In this instance, I had provided my email address and the neighborhood that I lived in, so they could verify if I had tagged myself in the area previously and that I was a human being. They were able to verify everything pretty quickly. However, some may find that the verification process can take several hours to a few days.

3. They Make It Easy to “Try Plants Out”

Some people will kill off the heartiest of succulents. Others just cannot figure out how to properly keep a palm alive. Sometimes, it takes trying a variety of plants to know what you like and what you can realistically nurture in your environment.

I tried my hand at a pinstripe prayer plant very early in my plant swap shop experience. Of course, the plant itself was an actual marvel. It looked like someone had drawn with Wite-Out and pink highlighter on the leaves in perfect stripes. But it required some insane amount of humidity that I just could not figure out.

After about 3 months of trying to make my plant friend feel at home, things were more crispy than I had hoped. So, not wanting to kill a plant, I listed her for swap. Within minutes, I had someone online wanting to swap a host of tradescantia cuttings. I met her before her nursing shift down the street in the wee hours of the morning, a safe swap in public.

4. They Encourage Fun and a Sense of Community

Many a plant group have expanded into offering in-person events in the days since lockdown. Weekend swaps, BYOB patio evenings, and lice music outings are among the offerings in several of my communities right now. Plus, if you have questions about or issues with a new plant, you can post a photo with a description of symptoms, and you will undoubtedly have a quick answer (or 12) within moments.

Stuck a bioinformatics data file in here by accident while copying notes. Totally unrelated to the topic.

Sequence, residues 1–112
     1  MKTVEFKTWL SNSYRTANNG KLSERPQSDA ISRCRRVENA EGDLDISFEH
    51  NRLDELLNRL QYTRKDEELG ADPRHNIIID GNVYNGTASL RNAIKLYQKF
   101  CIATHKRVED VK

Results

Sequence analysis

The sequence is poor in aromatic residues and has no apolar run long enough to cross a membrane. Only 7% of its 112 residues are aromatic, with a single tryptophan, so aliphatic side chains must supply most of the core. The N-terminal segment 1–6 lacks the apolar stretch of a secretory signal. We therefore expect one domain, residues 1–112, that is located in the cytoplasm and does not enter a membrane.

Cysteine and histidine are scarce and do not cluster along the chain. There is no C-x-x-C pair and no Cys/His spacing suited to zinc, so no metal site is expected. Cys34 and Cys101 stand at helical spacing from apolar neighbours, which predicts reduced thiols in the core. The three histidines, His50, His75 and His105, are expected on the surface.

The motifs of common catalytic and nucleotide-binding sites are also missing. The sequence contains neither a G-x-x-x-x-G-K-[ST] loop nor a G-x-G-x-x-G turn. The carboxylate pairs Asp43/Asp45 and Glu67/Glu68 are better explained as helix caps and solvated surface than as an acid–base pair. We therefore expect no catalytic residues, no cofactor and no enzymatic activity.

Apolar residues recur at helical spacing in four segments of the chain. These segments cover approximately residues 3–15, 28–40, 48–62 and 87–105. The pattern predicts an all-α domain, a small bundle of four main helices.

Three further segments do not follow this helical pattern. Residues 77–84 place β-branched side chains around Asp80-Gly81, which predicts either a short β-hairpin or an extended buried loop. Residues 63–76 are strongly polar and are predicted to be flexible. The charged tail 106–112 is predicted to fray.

Some people who are in the groups actively seek out free plant opportunities or great deals around town. Local grocery store just got a giant shipment in of an in-demand plant? They’re gone in 2 hours because Linda told everyone in the group. Home Depot just set some fixer-uppers by the dumpster? Doesn’t matter how outlawed it is, you may have some plant fanatics nabbing those under the cover of night.

While many groups will discourage the sale of plants for profit, non-profit work is encouraged. People – like my new connection Monica – will auction off less common plants for charity, while others will have inexpensive and approved plant sales that people go absolutely wild on in the comments.

Yeah, the groups tend to be full of people who know way too much about plants. These people will absolutely want to show off their knowledge. Instead of being annoyed by the plethora of information and thoughts from virtual strangers, allow yourself to learn a little bit.

After all, that’s the only way to grow. (Pun intended.)

Ready To Join a Plant Group?

Looking for an open community in your plant growing journey? Follow @plantkween and @hiltoncarter for both indoor and outdoor inspiration. They are my personal faves.

You can also simply go onto Facebook and type in your local area + the word plants. You’re pretty much guaranteed to come across a group you can join there.

Happy planting!